Your lawn will also benefit from organic mulch. Mulch mowing not only supplies your lawn with natural nutrients, but can also save you time and money. This is because with mulch mowing, the clippings are not collected in the lawn mower’s grass collection box, but instead chopped finely by the blades of the mulching mower and distributed over the turf. This process combines three important lawn care steps – mowing, disposing of clippings and fertilising – into a single one, thereby protecting both the environment and your wallet.
A long-term experiment by the University of Natural Resources and Life Sciences in Vienna-Essling found that mulch mowing offers significant advantages and promotes grass growth. Over a period of four years, a 1,000-square-metre lawn was mown with a standard lawn mower and the clippings consistently disposed of; the area was well-fertilised with mineral fertilisers. At the same time, a lawn of equal size was mown with a mulching mower and the cuttings left on the surface to mulch the lawn. The result is impressive:
Mulching actually means loosely covering the soil with mainly organic material. This means that instead of “To mulch or mow?”, we should be asking: “To mulch mow or mow with a collection box?”
Both methods – mowing and mulch mowing – have their advantages and disadvantages, which we will outline below. On the basis of the differences between mulch mowing and mowing, you can decide whether you should mulch your lawn with the grass clippings or collect them during or after mowing instead.
During conventional mowing, the blades of grass you have cut are either left on the surface of the soil as coarse, long clippings or collected in the grass collection box attached to the mower, which is emptied regularly. These grass clippings can be composted so that the nutrients contained in the grass can benefit your garden once again.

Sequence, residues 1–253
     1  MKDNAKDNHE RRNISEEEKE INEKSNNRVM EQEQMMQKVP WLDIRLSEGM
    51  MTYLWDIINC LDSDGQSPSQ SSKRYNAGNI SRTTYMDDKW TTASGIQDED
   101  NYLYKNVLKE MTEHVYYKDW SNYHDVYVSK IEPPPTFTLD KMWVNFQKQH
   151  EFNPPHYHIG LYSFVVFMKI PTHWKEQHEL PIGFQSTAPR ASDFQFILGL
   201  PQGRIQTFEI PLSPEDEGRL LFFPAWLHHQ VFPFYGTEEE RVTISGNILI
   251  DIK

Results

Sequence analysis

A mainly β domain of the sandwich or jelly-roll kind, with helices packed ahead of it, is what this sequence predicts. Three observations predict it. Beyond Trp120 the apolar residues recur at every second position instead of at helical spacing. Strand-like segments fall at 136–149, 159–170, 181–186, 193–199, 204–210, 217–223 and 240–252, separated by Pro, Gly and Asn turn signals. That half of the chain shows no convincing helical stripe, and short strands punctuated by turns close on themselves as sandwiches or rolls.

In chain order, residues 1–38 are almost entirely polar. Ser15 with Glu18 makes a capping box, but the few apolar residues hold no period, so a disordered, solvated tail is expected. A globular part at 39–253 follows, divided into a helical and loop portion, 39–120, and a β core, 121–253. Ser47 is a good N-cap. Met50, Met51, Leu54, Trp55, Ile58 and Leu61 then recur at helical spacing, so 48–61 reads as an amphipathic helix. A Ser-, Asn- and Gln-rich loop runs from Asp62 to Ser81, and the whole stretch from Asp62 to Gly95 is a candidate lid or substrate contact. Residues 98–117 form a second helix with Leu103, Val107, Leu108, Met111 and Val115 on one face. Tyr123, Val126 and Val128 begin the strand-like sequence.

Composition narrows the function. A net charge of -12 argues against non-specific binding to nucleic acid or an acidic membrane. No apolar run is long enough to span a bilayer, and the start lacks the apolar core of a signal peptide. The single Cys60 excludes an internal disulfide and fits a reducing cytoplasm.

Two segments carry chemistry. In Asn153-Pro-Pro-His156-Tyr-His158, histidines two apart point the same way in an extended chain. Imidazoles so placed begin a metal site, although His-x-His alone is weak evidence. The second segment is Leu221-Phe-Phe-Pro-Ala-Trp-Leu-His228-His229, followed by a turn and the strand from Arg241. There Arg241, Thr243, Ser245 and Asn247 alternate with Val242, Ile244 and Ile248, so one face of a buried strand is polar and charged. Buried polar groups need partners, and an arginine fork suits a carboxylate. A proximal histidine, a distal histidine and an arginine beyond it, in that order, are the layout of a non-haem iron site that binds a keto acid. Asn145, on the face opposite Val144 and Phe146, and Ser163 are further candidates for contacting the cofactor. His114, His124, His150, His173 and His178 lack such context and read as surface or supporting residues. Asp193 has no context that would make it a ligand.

During mulching, on the other hand, the grass is finely shredded during the mowing process. The cuttings then remain on the ground. During mulching, the grass and soil benefit from having the nutrients returned to them, meaning there is no need to add fertiliser.
If you are wondering whether mulching or mowing is better for your lawn, you will sooner or later find yourself needing to decide which machine is best for you: should you get a lawn mower or a mulch mower or lawn mower with a mulching function?
STIHL mulch mowers shred cuttings especially finely and spread them evenly on the soil. Alternatively, you can quickly convert your STIHL lawn mower into a mulch mower and equip it with various blades. This is a quick, simple process for most lawn mowers, by means of our mulching kits – and it means you don’t need to decide whether to get a lawn mower or a mulch mower.
Conclusion: Mulching saves you the bother of emptying the grass collection box and means your compost heap is not as big, as there are no grass clippings. If you mulch your lawn instead of just mowing it, you will also need to use much less lawn fertiliser, since the nutrients remain on the surface.
However, mulching is more time-consuming, particularly during warm, humid growing weather, as it needs to be done at least twice a week for the clippings to really be broken down. And if you cannot mow your lawn because of rain, you should cut longer grass in several stages so that the grass clippings will be fine enough and will not cause lawn thatch to form. In terms of time then, mowing has the upper hand.
If you want to achieve the best possible results when mulching grass, it is important to ensure that the clippings remain on the surface of the lawn. Please take care that the volume of cuttings is not too high and that they are finely shredded and evenly distributed. The nitrogen they contain will quickly be mineralised and made available to plants once more. When mulching grass however, you should pay attention to the following tips in order to get the maximum benefit possible from the method:
A mulch mix that is applied regularly is ideal for vegetable patches. Keep it sparing – the mulch also attracts snails and voles. It’s better to mulch the garden more often and with different materials to support the growth of your plants. Make sure that grass and other green cuttings are always slightly dried out before spreading them on the vegetable patch.